I like you, client, you’re what makes it possible to do what I love for a living. But I also respect you; you either own a business or occupy a high-enough managerial position within a business to have the authority to hire my team and I, which means you’re all grown up and are way past the point of needing to be handled with kid gloves. So, allow me to indulge in some tough love:
Please, for the sake of your business, stop asking me to give you a ballpark estimate.
It happens to consultants just like me, every day – at some point during a (usually light-on-details) conversation with a very excited client like you, about a new website or custom software that you’ve dreamed up to help you run your business, you’ll ask The Question.
“So, what’s a ballpark estimate of what that would cost?”
I understand why this seems like a perfectly reasonable question, I really do. You have a business to run, and getting a broad sense of what something costs is probably a handy proxy for quickly deciding if it’s something you can handle, or not. I get that – business life often boils down to making decisions quickly, based on broad or even vague information. Remember, I run a small business, too, so I share a lot of the same concerns you do. Keep Reading…
It’s a valid question – how good do your programming skills need to be (and how much does that matter) in the world of freelancing?
Do you need to be a really good programmer to make a living freelancing?
How advanced does a programmer need to be in order to make a living as a freelancer taking jobs from freelancing sites like Odesk or Elance? What kind of technical skills need to accomplish beforehand?
When it comes to raw coding ability, everyone will argue as to what “really good” means, so I’ll say this: you should be at least at the “Consciously Incompetence” stage on the Four Stages Of Programming Competence scale. It is here that you have some fundamentals down, but your eyes and your mind are open to what you don’t know. In this stage, you are actively working toward improvement and understand the necessary elements of doing so. This, I think, is the absolute minimum price of entry into programming for money. Keep Reading…
It’s a hazard of the profession – sometimes a client will try to weasel out of payment.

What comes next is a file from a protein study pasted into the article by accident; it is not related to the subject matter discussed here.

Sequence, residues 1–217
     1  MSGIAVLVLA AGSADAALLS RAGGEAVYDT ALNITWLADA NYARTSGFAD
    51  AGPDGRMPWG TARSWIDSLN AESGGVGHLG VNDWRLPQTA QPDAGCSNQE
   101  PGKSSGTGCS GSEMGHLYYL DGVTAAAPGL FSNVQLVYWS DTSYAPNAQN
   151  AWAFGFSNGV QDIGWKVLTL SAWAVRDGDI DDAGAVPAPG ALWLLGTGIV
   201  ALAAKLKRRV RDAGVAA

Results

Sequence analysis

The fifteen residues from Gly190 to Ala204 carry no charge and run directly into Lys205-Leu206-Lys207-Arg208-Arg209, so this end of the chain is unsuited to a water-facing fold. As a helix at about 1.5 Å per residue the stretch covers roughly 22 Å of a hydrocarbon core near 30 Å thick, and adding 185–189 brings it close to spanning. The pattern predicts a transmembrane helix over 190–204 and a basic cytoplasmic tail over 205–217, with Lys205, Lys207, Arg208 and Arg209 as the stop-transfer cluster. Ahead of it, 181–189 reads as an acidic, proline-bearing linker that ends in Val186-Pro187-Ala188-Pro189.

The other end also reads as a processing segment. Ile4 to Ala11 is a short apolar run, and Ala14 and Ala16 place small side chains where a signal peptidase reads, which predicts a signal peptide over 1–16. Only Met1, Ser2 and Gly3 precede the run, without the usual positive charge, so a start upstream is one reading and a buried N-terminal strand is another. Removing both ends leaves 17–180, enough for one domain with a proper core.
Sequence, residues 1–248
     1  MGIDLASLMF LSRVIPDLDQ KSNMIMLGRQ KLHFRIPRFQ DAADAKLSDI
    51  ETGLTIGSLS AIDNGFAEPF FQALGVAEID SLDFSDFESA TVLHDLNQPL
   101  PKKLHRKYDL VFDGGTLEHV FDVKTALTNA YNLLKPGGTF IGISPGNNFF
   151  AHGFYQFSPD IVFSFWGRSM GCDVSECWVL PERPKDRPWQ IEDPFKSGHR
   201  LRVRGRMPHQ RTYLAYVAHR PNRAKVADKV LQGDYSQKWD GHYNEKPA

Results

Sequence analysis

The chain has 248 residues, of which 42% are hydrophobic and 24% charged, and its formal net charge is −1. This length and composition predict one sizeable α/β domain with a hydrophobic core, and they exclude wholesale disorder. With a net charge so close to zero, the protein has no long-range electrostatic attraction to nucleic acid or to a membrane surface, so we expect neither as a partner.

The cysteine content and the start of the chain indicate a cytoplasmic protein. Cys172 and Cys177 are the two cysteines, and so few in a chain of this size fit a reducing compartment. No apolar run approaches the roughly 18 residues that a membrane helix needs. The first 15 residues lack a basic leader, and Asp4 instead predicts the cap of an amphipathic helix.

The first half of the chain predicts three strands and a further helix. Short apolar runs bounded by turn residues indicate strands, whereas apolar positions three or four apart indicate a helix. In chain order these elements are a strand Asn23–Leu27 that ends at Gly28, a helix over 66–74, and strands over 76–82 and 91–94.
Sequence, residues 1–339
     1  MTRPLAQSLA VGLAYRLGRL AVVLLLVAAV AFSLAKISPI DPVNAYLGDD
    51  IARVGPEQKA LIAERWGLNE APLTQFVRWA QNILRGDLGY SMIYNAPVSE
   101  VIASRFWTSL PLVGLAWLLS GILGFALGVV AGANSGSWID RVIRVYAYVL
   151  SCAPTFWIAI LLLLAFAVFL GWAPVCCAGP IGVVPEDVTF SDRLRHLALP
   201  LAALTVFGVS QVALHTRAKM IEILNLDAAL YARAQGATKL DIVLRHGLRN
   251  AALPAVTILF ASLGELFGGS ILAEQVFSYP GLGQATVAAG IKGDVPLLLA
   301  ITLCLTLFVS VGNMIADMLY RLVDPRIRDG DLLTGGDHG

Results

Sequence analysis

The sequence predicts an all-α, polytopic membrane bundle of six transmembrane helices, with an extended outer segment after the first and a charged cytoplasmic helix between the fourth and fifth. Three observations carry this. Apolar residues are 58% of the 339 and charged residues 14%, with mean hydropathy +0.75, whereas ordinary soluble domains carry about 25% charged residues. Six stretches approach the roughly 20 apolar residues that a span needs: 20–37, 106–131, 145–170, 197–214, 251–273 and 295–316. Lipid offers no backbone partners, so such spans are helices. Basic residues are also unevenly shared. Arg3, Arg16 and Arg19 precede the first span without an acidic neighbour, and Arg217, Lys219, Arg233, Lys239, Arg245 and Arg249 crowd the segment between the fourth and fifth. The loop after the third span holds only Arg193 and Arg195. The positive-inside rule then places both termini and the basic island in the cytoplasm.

A client did not pay me for software work. What should I do?
I created a tax website for a client of mine recently. He used my server for all his customers work but after tax season he refused to pay me my commission. I still have his customers data on my server. Shall I email them and let them know that their accountant is a scum bag? Can I be sued for that?
Sorry to hear you’re in a bind with this client. I’ve been there and I know it feels awful.
I’m curious about this:
after tax season he refused to pay me my commission
Your question began with “a client did not pay me”, but…did the client ever explicitly agree to pay your commission in the first place? If not by an actual contract, then even by text or e-mail? If so, you *might* have a contract that is enforceable, depending on the law where you live. I am not a lawyer and this is not legal advice, but it’s worth looking into. Keep Reading…
If I’ve said it once, I’ve said it a thousand times: freelancing and consulting work are like sunlight; there’s enough for all of us to get a tan.
That said, in the coin flip of life, some days don’t feel like you’re operating in a world of abundance. This freelancing game can be brutal. Sometimes things look bleak, and you wonder if you’re going to make it.
The minute you start radiating struggle or desperation, a predatory (at worst) or clueless (at best) potential client will appear, sensing your weakness and enticing you with a fat – or so they say – check, if only you can accommodate their abusiveness, idiocy, or micro-managing.
You begin to wonder how critical is it that you close this job? Ask yourself if you’re willing to be married to a client who is throwing up red flags before you’ve even done any business together? Can you tolerate their behavior once there are stakes? Sometimes you’ll decide that things just aren’t bad enough to willingly subject yourself to frustration.
The other side of the coin flip of life is that sometimes things are going like gangbusters. Sometimes the freelancing game opens up and gives you the goodies you’ve been working so hard to acquire. Keep Reading…
It was only Day 2 of the Gumroad Small Product Lab when I decided not to bother participating.
No, it was late on Day 2, even! After signing up on Day 1, I hadn’t really decided to launch a product; signing up was driven more by curiosity than anything else. My hope was that Gumroad would be offering some secret marketing info that I could use to promote my podcast. I had no idea how close that hope would be to what actually transpired.
Chatting with friends on Day 2, I deliberated over whether or not to do this, and what kind of a product I could do. In typical form, I had a hard time thinking truly small – a hallmark of my career is my tendency to over-engineer everything I do. Usually, this works in my favor; on a 10-day time-span, over-engineering would yield the same result as not starting at all; a no-finish. Keep Reading…